AVS2006 Session NM+IPF-TuM: Nanotechnology and Society
Tuesday, November 14, 2006 8:40 AM in Room 2018
NM+IPF-TuM-3 Nanotechnology Oversight - Managing Potential Risk in an Uncertain World
A.D. Maynard (Woodrow Wilson International Center for Scholars)
Nanotechnology has been described as a transformative technology, an enabling technology and the next technological revolution. Even accounting for a certain level of hype, a heady combination of investment, rapid scientific progress and exponentially increasing commercialization, point towards nanotechnology having a fundamental impact on society over the coming decades. However, enthusiasm over the rate of progress is increasingly being tempered by concerns over possible downsides of the technology. Real and perceived adverse consequences in areas such as asbestos, nuclear power and genetically modified organisms have engendered skepticism over the ability of scientists, industry and governments to ensure the safety of new technologies. As nanotechnology moves towards widespread commercialization, not only is the debate over preventing adverse consequences occurring at an unusually early stage in the development cycle; it is also expanding beyond traditional science-based risk management to incorporate public perception, trust and acceptance. Having appropriate oversight frameworks in place will be essential to the sustained development of nanotechnologies. These will need to address potentially new risks presented by engineered nanomaterials, and be responsive to the rapidity with which nanotechnologies are being discovered, developed and used. Existing oversight frameworks may be sufficiently robust to address new technologies with little modification, although some commentators suggest that this is unlikely. Either way, too little oversight could be as damaging to fledgling nanotechnologies as too much oversight.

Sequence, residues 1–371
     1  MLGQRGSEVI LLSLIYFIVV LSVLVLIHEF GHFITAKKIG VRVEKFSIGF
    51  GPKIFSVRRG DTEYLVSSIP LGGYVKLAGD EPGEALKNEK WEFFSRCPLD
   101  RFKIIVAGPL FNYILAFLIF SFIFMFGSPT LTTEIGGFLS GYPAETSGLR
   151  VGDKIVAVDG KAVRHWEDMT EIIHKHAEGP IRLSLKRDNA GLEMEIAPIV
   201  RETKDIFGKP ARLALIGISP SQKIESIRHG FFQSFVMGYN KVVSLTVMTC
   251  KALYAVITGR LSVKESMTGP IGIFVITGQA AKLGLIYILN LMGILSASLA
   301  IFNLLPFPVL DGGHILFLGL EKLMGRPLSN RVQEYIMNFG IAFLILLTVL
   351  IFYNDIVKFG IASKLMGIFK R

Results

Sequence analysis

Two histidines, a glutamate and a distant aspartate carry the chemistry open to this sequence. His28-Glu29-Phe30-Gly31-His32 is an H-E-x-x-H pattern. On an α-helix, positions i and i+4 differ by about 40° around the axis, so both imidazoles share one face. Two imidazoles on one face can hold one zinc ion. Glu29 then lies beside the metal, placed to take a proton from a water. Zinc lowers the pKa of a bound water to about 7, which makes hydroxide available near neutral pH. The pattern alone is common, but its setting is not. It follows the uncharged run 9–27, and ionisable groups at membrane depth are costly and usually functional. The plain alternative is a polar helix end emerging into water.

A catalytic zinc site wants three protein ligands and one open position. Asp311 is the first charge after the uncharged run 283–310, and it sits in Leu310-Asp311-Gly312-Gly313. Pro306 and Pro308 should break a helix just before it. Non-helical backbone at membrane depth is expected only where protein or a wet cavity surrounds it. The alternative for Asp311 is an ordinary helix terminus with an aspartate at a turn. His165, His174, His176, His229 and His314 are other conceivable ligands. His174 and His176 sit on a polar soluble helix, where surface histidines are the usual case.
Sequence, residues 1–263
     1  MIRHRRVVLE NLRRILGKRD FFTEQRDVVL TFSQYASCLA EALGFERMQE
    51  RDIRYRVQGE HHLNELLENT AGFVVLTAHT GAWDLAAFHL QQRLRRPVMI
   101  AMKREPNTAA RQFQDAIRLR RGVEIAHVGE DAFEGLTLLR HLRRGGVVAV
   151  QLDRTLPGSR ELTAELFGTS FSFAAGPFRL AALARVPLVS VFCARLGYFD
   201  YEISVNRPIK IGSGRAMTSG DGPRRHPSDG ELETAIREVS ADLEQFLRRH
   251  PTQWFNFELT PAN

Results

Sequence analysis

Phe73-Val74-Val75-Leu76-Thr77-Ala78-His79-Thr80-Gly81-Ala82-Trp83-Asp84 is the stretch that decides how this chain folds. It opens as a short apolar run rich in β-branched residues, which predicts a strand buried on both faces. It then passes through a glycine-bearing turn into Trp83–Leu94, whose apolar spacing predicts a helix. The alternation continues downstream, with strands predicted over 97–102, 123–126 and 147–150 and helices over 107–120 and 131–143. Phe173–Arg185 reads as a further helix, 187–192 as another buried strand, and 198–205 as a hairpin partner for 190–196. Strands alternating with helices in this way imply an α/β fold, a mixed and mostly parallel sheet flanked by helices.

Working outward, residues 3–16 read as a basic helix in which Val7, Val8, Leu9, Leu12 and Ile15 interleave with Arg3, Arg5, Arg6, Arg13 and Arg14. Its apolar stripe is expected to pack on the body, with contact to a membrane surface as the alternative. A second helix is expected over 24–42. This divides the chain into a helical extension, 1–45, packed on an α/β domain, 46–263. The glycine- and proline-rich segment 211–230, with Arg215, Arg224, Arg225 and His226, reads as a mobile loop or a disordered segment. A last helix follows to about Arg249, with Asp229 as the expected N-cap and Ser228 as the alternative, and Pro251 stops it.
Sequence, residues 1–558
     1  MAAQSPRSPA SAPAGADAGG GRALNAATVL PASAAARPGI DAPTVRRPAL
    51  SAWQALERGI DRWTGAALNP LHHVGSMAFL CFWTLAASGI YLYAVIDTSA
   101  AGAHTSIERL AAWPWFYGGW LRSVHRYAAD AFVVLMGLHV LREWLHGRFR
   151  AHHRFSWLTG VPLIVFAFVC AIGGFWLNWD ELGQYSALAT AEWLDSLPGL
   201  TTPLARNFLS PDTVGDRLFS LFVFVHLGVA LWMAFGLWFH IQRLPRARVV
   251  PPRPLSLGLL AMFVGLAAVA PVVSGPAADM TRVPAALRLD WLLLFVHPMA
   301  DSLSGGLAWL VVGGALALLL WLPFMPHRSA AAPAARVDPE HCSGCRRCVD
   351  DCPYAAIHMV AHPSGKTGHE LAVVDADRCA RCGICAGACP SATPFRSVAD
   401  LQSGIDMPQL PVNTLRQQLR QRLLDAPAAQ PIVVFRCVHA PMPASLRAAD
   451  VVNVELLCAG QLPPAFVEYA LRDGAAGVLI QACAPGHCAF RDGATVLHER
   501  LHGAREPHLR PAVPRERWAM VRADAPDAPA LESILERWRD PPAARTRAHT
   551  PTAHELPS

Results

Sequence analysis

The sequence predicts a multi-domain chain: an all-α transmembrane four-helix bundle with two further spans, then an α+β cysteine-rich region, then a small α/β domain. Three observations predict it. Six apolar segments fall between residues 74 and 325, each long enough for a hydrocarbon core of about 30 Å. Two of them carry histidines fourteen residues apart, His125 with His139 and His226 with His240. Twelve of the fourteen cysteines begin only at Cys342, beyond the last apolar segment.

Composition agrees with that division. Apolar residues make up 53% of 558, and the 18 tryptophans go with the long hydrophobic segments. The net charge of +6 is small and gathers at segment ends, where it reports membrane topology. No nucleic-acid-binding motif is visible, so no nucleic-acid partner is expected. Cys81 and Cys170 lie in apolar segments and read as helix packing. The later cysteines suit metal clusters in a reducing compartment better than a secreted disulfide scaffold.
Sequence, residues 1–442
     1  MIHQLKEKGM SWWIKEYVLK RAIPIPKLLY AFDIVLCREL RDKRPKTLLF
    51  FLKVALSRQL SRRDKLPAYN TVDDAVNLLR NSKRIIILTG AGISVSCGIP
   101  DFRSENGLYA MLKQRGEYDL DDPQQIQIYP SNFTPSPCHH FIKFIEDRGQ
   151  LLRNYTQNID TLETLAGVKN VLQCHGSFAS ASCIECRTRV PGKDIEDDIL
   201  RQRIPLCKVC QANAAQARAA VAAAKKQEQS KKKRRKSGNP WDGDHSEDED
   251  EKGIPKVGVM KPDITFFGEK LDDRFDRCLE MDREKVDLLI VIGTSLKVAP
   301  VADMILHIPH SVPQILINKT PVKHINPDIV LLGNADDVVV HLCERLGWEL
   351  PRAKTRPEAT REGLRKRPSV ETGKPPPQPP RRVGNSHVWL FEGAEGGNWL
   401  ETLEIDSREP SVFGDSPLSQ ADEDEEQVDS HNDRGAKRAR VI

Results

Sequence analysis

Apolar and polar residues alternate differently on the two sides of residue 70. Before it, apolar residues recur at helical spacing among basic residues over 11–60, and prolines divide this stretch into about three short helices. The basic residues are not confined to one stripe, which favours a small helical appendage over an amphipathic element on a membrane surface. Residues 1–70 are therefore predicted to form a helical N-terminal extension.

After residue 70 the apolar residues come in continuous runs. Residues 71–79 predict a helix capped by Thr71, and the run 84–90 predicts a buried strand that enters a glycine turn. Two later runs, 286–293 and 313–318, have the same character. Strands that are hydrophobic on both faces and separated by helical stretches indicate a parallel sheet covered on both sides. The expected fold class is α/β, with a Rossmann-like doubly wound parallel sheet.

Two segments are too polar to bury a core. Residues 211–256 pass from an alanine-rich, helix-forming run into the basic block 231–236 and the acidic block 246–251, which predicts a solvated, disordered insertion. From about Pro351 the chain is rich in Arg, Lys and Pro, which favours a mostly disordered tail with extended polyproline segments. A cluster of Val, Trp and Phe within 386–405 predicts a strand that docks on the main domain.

NM+IPF-TuM-5 Nanoparticle Occupational Safety and Health Consortium
M.L. Ostraat (DuPont Engineering Research and Technology); K.A. Swain (DuPont Central Research and Development); J.J. Krajewski (DuPont Engineering Research and Technology)
The Nanoparticle Occupational Safety and Health (NOSH) consortium of international industrial, government and non-governmental organizations has focused research upon obtaining information on occupational safety and health associated with aerosol nanoparticles and workplace exposure monitoring and protocols. The technical goals of the consortium include 1) generating well-characterized aerosols of solid nanoparticles and measuring aerosol behavior as a function of time; 2) developing an air sampling method that can be used to conduct worker exposure assessments in workplace settings; and 3) measuring barrier efficiency of filter media to specific engineered aerosol nanoparticles. To accomplish these objectives, multiple aerosol synthesis and characterization systems have been designed to generate well-characterized aerosol nanoparticles of various chemistries < 100 nm. These aerosol nanoparticles are transported to aerosol chambers to examine aerosol behavior as a function of time, including rate of dispersion, aggregation, and particle loss for charged and uncharged aerosol nanoparticles. These aerosol nanoparticle studies form the basis for the development of a portable aerosol nanoparticle monitoring instrument which will be field tested in a wide variety of workplace environments. Through this effort, the consortium has developed instrumentation and protocols required to assess barrier effectiveness of filter media to charged and uncharged aerosol nanoparticles as a function of particle chemistry, particle size distribution, and number concentration. Work continues on identifying appropriate filter media that can be used as effective barriers for aerosol nanoparticles and establishing a knowledge base on determining specifications for using those filter media given a set of known properties about a specific nanoparticle aerosol.